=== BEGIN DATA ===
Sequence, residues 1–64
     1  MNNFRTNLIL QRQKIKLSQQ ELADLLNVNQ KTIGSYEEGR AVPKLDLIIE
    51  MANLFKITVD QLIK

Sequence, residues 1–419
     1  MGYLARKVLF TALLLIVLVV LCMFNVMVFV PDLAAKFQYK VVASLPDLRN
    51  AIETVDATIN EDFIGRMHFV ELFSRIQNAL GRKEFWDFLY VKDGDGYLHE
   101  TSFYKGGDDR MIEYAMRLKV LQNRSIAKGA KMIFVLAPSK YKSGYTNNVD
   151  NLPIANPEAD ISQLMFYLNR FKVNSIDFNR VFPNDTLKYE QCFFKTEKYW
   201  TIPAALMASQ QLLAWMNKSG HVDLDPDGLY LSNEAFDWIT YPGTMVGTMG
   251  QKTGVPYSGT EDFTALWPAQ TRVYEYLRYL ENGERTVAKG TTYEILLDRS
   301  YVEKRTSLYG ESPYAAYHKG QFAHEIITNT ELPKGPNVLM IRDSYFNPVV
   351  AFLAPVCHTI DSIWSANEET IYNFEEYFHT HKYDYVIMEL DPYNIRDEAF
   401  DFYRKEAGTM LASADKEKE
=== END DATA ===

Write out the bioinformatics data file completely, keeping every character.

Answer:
Sequence, residues 1–64
     1  MNNFRTNLIL QRQKIKLSQQ ELADLLNVNQ KTIGSYEEGR AVPKLDLIIE
    51  MANLFKITVD QLIK

Sequence, residues 1–419
     1  MGYLARKVLF TALLLIVLVV LCMFNVMVFV PDLAAKFQYK VVASLPDLRN
    51  AIETVDATIN EDFIGRMHFV ELFSRIQNAL GRKEFWDFLY VKDGDGYLHE
   101  TSFYKGGDDR MIEYAMRLKV LQNRSIAKGA KMIFVLAPSK YKSGYTNNVD
   151  NLPIANPEAD ISQLMFYLNR FKVNSIDFNR VFPNDTLKYE QCFFKTEKYW
   201  TIPAALMASQ QLLAWMNKSG HVDLDPDGLY LSNEAFDWIT YPGTMVGTMG
   251  QKTGVPYSGT EDFTALWPAQ TRVYEYLRYL ENGERTVAKG TTYEILLDRS
   301  YVEKRTSLYG ESPYAAYHKG QFAHEIITNT ELPKGPNVLM IRDSYFNPVV
   351  AFLAPVCHTI DSIWSANEET IYNFEEYFHT HKYDYVIMEL DPYNIRDEAF
   401  DFYRKEAGTM LASADKEKE